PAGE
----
A recently developed electron microscopy technique has allowed scientists to measure van der Waals interactions by precisely imaging the changes in orientation of individual para-xylene molecules confined in the channels of a zeolite matrix.1 The setup resembles a nanoscale compass in which the hydrocarbon molecule is the rotating pointer and the positions of the atoms around the hole define the direction markers.
‘Our results provide a method to directly “see” single molecules and their interactions,’ says Xiao Chen from Tsinghua University in China. She points out that van der Waals forces play an important role in many processes but measuring such interactions is challenging and usually involves sophisticated techniques. Using an imaging mode called integrated differential phase contrast scanning transmission electron microscopy (iDPC-STEM), she and her colleagues have now been able to track host–guest interactions within a zeolite. The team took advantage of the fact that the perimeters of the large holes in this zeolite are composed of 10 oxygen and 10 silicon atoms, which were numbered to indicate 20 different directions that are around 18° apart.
‘The idea is to use a molecule that fits neatly inside the zeolite pore as a compass for monitoring the microscopic structure of the pore wall and hence the van der Waals interactions between the molecule and the porous solid,’ comments Peter Liljeroth at Aalto University in Finland, who was not involved in the study. He explains that the para-xylene pointer preferentially adopts specific orientations that reflect different interactions. ‘Electron microscopy is used to resolve the angle of the molecular backbone with respect to the atomic structure of the surrounding pore.’
The researchers carried out first-principles calculations to relate the changes in orientation with variations in the van der Waals forces. ‘We calculated the energies of para-xylene molecules with different orientations based on various channel models,’ Chen says.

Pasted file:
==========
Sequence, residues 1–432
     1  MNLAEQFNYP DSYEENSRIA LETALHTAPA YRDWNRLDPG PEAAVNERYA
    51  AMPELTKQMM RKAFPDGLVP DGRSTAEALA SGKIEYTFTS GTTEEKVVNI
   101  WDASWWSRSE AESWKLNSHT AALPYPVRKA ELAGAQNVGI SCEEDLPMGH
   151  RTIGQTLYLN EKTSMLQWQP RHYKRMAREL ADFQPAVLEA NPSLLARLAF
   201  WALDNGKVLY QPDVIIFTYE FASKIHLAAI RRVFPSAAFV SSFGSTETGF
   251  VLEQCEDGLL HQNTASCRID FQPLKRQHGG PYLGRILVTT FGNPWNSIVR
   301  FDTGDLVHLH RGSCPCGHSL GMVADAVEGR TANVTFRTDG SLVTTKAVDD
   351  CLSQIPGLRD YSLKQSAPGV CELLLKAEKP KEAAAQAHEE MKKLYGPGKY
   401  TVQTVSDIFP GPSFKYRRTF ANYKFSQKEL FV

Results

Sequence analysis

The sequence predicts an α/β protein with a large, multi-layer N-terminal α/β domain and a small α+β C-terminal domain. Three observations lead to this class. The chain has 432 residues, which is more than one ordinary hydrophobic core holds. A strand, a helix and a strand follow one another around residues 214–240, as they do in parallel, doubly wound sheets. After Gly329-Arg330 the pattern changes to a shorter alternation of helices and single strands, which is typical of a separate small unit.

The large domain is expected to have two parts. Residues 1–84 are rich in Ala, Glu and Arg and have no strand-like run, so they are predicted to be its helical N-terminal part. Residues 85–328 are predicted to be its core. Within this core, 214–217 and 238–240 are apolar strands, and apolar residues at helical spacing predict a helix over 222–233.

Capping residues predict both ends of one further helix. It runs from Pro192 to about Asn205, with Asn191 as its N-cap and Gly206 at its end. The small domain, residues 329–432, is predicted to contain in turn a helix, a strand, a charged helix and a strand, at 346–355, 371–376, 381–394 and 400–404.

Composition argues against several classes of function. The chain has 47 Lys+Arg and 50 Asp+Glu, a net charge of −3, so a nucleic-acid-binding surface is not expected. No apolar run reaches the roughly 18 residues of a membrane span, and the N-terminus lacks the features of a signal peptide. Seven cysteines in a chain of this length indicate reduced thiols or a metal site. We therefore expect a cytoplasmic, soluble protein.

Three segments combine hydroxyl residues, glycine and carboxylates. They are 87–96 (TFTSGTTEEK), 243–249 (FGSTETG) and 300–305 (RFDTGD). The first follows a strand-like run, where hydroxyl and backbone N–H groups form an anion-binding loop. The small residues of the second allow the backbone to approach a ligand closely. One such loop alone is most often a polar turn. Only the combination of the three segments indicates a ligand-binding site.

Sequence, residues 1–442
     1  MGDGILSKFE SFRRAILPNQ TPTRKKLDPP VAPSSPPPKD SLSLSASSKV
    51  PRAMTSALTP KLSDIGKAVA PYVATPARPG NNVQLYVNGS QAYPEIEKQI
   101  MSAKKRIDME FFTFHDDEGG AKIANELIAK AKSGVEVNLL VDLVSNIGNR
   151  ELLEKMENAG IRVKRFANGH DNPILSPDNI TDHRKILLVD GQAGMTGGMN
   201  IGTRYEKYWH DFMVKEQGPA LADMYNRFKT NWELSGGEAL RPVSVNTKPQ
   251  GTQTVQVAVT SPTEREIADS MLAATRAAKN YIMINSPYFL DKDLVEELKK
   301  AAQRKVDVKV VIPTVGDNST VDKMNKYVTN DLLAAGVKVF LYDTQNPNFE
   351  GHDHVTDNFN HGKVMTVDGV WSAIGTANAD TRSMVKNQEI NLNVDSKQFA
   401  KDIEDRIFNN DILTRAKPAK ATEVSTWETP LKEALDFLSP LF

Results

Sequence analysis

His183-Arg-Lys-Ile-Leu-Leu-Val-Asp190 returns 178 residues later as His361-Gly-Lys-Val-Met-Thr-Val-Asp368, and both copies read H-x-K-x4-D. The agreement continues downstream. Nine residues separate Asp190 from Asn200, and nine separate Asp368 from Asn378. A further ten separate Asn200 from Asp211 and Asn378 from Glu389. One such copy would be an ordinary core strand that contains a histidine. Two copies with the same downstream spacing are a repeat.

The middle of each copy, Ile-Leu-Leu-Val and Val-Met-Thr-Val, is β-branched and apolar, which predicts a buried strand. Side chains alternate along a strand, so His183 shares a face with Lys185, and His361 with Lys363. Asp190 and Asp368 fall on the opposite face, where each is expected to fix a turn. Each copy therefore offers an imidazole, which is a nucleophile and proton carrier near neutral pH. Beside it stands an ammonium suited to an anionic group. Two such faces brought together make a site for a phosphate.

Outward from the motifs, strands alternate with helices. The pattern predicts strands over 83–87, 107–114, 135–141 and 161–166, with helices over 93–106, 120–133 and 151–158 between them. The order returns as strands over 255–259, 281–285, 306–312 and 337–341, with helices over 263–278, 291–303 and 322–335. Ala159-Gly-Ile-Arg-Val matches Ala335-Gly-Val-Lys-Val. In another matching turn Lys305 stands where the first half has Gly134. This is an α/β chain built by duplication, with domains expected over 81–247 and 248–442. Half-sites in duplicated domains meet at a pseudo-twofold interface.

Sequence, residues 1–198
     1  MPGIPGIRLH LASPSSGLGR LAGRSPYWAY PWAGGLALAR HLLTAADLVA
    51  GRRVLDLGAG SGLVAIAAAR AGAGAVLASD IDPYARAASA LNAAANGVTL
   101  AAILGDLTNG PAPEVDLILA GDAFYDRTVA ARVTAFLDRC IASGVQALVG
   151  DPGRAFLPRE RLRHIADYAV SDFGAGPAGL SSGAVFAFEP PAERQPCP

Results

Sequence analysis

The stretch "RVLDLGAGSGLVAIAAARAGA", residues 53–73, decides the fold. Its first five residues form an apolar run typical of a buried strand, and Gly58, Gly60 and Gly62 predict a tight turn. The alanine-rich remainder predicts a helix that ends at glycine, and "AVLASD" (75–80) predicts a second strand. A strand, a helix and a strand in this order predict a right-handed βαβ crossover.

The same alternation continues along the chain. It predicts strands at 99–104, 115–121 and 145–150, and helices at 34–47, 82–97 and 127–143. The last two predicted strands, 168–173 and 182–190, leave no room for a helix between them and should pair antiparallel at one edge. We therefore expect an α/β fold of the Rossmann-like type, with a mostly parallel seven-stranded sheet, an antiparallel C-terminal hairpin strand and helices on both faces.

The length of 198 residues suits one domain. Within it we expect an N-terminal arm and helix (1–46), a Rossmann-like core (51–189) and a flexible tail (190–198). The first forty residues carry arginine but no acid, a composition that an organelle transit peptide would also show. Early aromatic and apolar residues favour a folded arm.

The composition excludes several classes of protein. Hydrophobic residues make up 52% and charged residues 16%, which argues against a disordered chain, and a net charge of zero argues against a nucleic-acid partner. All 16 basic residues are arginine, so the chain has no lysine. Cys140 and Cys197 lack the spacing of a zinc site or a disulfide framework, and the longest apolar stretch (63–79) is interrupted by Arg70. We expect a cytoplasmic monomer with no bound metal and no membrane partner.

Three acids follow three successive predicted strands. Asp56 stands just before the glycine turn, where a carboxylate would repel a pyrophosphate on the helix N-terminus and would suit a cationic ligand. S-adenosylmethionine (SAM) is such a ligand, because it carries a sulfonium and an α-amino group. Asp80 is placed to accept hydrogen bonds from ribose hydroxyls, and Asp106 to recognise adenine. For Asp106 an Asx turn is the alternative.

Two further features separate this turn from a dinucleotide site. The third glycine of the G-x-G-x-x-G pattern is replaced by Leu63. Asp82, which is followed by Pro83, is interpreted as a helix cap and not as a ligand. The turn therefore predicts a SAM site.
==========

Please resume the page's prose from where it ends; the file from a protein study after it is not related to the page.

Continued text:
Ivan Lazić at Thermo Fisher Scientific in the Netherlands, one of the developers of the iDPC-STEM approach and co-author of the study,2 notes that imaging this kind of system isn’t easy. ‘Zeolites are electron-dose-sensitive materials and single molecules trapped within them even more,’ he says. ‘But this technique uses all the available electrons and is highly dose-efficient.’
Stephen Pennycook, a retired microscopist based in the US, agrees. ‘The key advantage of this method is that it efficiently images both light and heavy atoms,’ he says. ‘Here, even one light molecule is detected within a zeolite channel which is several nanometres long.’ Pennycook adds that being able to see the light and heavier parts of a system simultaneously is a significant achievement. His son did this several years ago too, together with colleagues, using a technique called electron ptychography.3
Chen believes that the new strategy could be extended to other systems. ‘For nearly all kinds of zeolites and metal–organic frameworks, we could directly image guest molecules that are size-matched to their channels and cages,’ she says.